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Water Technologies & Solutions

technical paper

production of high purity water from seawater

Authors: Ted Prato, Erik Schoepke, Lance Etchison, millions of gallons of water per day, and a tiny fraction
Tom O’Brien, Brian Hernon, Kirt Perry, SUEZ, and of this is sent to the biolab. (The biolab is a large
Mike Peterson, Pacific Gas and Electric facility that maintains samples of marine life to
demonstrate their health and viability in the nuclear
introduction power plant environment.) Seawater overflow from
the biolab feeds the seawater treatment system.
The Diablo Canyon Power Plant at Avila Beach in
California utilizes seawater for both cooling water and The seawater RO facility generates a maximum
for makeup water for steam generation. SUEZ, product flow of 450 gpm from two parallel units.
designed, built and operates a complete water Permeate product from the seawater site is pumped
treatment system serving the high-purity water needs to a set of twin man-made reservoirs, which have a
of this power plant. Over the past eight years, the combined capacity of six million gallons. Flow to these
seawater treatment section has demonstrated reservoirs is supplemented by seasonally available
excellent long-term performance as a result of strong well and creek water that is pH adjusted and
design, consistent maintenance, and qualified chlorinated. Water is drawn from these reservoirs into
operators. the Makeup Water Treatment System where it is
further processed for either power plant steam
This paper will mainly discuss operating experience of makeup or drinking and domestic water. Figure 1
the seawater desalination section of the water illustrates the water treatment system. 1

treatment plant. However, there will also be some

discussion of the rest of the integrated membrane
system for high-purity water production at Diablo
Canyon Nuclear Station, operated by Pacific Gas and
This entire system has operated reliably since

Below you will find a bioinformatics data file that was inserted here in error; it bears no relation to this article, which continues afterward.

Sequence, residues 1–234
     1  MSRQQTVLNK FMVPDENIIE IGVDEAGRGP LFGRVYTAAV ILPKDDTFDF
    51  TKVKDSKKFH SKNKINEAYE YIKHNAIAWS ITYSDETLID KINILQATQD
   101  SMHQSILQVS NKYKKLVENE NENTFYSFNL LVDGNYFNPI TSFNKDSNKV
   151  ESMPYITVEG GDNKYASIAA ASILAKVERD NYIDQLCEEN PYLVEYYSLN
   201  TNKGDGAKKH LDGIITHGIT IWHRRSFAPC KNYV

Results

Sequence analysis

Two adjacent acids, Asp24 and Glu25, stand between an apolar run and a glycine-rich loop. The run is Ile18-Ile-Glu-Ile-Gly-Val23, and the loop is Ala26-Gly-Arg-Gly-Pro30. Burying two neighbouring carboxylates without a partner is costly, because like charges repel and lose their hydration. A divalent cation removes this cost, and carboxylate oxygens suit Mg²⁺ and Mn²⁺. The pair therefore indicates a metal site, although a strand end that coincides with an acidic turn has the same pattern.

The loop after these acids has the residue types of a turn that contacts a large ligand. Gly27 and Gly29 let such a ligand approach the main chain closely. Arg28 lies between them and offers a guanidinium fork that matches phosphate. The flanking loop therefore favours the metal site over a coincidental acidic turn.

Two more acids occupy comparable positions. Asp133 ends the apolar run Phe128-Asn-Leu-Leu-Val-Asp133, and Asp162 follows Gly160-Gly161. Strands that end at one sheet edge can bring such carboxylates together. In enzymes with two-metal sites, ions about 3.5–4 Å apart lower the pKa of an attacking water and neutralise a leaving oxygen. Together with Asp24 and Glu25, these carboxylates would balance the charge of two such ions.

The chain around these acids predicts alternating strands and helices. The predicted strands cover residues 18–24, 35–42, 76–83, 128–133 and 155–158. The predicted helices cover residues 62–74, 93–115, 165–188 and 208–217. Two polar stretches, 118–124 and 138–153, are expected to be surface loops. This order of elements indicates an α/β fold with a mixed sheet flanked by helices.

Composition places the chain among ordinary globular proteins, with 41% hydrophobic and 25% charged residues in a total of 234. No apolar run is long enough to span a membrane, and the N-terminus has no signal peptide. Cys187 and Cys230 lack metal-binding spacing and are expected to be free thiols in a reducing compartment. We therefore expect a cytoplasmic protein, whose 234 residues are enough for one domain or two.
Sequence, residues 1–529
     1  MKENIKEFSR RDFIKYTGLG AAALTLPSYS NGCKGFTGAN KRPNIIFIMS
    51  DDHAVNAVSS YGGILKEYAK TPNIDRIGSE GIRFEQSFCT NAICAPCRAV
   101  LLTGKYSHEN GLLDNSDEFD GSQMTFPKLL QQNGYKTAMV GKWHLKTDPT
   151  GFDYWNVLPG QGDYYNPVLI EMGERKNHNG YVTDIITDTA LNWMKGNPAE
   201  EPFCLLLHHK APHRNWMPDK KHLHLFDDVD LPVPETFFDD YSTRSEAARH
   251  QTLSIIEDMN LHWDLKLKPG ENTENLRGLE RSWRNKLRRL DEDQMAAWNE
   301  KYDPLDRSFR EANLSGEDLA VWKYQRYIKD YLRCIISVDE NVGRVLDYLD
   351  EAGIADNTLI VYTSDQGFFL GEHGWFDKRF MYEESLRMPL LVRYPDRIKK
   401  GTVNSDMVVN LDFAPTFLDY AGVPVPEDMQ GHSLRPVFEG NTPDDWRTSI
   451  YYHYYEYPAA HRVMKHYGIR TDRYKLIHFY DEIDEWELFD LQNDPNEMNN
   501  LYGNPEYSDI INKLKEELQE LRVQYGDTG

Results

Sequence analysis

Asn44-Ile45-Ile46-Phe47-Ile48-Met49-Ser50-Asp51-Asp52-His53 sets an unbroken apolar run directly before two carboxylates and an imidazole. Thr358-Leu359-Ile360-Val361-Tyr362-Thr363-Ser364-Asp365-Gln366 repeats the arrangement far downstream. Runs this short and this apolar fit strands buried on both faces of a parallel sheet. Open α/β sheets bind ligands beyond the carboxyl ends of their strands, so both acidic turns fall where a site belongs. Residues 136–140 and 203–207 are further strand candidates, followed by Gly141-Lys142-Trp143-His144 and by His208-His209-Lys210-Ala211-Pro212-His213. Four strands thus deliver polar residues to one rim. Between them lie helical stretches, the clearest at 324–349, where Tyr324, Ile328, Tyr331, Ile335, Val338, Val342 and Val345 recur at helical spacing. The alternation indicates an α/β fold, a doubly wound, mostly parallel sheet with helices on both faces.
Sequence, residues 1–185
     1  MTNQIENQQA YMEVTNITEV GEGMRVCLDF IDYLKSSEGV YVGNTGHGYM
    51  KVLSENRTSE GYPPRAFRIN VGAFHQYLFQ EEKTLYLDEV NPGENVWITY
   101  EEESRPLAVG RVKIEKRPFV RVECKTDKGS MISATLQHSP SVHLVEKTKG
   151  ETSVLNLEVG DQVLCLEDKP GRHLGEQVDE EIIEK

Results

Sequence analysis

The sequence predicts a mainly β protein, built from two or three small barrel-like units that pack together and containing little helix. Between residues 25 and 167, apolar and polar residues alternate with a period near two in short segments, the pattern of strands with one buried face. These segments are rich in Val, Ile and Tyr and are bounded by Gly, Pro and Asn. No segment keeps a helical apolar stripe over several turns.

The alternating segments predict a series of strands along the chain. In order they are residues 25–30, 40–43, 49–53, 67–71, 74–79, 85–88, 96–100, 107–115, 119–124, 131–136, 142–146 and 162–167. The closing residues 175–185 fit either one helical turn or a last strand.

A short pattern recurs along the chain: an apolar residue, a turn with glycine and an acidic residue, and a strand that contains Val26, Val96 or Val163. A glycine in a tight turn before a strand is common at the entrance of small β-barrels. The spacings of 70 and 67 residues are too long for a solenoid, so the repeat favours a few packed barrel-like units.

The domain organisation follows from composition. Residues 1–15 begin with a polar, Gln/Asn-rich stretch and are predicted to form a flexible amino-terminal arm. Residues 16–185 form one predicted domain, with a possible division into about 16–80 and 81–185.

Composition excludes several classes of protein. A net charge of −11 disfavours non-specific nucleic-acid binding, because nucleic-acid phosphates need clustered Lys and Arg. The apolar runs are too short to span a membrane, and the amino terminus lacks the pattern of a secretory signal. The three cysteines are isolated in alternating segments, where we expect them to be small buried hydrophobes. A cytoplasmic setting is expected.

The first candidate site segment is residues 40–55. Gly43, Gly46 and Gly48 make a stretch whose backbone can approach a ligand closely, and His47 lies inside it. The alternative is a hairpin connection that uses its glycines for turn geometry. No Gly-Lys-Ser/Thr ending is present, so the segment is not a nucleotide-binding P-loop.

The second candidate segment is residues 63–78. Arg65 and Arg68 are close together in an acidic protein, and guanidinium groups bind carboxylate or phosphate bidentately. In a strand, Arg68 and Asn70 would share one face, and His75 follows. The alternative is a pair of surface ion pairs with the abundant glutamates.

installation and start-up with very few technical
problems. Remarkably, the seawater membranes
have never required cleaning or replacement.
Figure 1: Water Treatment System
The following discussion and data will highlight the
design and operation of this successful water The makeup water treatment system combines
treatment scheme. ultrafiltration (UF), electro dialysis reversal (EDR),
double-pass reverse osmosis (RO), vacuum degasifier
background and mixed-bed ion exchange to produce high-purity
water. Blended water is also fed to another RO system
The Diablo Canyon water treatment plant was that produces potable water for plant drinking and
commissioned in March 1992. The main technical domestic water.
feature of this water treatment plant is that the bulk
of the water destined for the power plant steam boiler Normal demand is around 180 gpm, but the MWTS
comes from the Pacific Ocean. can quickly ramp up to 600 gpm to meet higher
Seawater is used at Diablo Canyon Power Plant
(DCPP) to cool down the waste heat generated by the
twin nuclear reactors. The large intake pumps draw
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TP1023EN.docx Mar-08
description of seawater treatment system 4. Ultraviolet Lamps: This set of three UV units
operates at 254 nm. Dosage is 30,000 µw sec/sq
The seawater treatment system consists of the cm. Two of three are used at one time for full
following train of unit operations (as shown in Figure flow. Each has a flow capacity of 520 gpm.
5. Cartridge Filters: After Hypersperse AF200 anti-
scalant injection, the flow continues to a set of
four cartridge filter units, each with a capacity of
440 gpm. Cartridge filter rating is 5 microns. Anti-
scalant is added as a requirement of RO process